My chronic illness started at age five. As a result, my diagnosis became part of my identity. Words like “sick one”, “weak”, “sensitive”, “can’t take the stress”, and “fragile” dot my life story. I resisted the stereotype by over-achieving. All that extra effort ultimately reinforced the unpleasant reputation by triggering a migraine anyway. I would desperately try to hide the symptoms as long as possible, quietly refusing to take medicine except when I felt reasonably safe that no one would observe. Sooner or later the symptoms became so obvious they couldn’t be ignored.
By that time I felt too terrible to think about the humiliation of being proven wrong. The shame came later when the attack subsided. I would wake up the next morning, relieved to be pain-free. Embarrassed to be found out, I secretly promised to be stronger next time. The worst thing was to be seen as fragile or weak.
At the time, I didn’t understand why I was so sensitive to other people’s perception of me. I learned that part of me actually believed I was fragile and I hated myself for it. I learned that nugget of truth many years later. During the first round of internships in graduate school, the professor supervising my work had a reputation of being exceptionally hard on grad students. Knowing his reputation, I started the semester on the defensive and things just got worse. During this semester personal circumstances added stress to an already challenging situation. In one particularly difficult supervision appointment, this professor made an off-hand comment that I was “fragile”. At first I didn’t respond. My reaction was delayed until I was safely out of his office. Once my colleagues and I were on break, I let loose with almost 40 years of pent-up anger and frustration.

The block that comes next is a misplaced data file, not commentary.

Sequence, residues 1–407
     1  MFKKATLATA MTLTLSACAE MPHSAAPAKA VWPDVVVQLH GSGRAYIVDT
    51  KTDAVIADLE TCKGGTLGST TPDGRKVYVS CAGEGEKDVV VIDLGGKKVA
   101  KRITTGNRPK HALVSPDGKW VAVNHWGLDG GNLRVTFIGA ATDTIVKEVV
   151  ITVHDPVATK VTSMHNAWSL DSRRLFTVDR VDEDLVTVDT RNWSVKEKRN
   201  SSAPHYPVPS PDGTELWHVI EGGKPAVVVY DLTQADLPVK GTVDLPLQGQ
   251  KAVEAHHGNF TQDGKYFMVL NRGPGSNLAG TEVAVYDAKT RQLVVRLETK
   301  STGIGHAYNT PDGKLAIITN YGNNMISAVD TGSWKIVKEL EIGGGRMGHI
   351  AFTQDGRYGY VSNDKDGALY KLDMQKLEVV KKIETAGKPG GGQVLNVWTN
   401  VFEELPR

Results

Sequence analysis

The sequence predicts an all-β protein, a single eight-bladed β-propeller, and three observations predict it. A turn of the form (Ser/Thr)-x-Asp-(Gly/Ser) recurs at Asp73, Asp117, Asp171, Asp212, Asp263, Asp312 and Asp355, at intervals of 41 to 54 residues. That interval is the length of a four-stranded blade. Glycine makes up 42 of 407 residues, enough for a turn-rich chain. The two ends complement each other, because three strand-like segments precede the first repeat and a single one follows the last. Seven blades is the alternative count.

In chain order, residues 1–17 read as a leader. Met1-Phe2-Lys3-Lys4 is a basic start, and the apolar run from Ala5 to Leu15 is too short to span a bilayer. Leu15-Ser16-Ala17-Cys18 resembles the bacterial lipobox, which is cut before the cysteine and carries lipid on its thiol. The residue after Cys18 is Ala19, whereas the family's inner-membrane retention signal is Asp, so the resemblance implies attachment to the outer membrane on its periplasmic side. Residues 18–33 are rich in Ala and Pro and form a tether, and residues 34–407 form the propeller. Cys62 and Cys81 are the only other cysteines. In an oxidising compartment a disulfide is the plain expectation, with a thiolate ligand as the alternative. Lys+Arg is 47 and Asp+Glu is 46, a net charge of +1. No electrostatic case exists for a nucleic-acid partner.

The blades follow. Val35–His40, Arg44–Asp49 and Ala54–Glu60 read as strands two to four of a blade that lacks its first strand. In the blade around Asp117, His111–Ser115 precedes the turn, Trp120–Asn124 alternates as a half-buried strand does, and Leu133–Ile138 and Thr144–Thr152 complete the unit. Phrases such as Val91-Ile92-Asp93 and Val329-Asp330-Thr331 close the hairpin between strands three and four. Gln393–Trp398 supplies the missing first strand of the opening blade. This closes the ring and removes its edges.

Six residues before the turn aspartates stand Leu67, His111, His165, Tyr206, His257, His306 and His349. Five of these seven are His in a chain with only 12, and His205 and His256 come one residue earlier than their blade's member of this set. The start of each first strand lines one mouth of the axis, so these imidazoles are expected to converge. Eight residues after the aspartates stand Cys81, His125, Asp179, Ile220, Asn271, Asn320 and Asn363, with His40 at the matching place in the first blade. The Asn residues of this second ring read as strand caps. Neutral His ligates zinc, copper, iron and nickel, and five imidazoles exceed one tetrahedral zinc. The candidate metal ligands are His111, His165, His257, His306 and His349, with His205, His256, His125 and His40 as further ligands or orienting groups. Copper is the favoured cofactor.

It took some time to process what had happened. In the coming weeks I was able to recognize why his comment triggered such a strong reaction. Using strategies from cognitive behavioral therapy, I carefully examined the evidence that supported his statement as well as the evidence that contradicted it. For the first time in my life, I realized that I really wasn’t all that fragile. My experiences with chronic pain had strengthened me. I may have started out weak and vulnerable, but I certainly didn’t stay that way. The process was incredibly validating.
I stopped trying to hide my symptoms and started accepting the truth of each migraine attack. At first it was shocking to my family. They didn’t understand why I suddenly started verbalizing the experience of each attack. It took some time for them to realize I wasn’t just complaining or looking for sympathy. I stopped trying to hide such an influential part of my life by taking ownership of every experience and my responses to each one.
Some weeks ago, I decided to create an image that embodied this truth. The next time someone calls you “fragile”, just remember that you really are: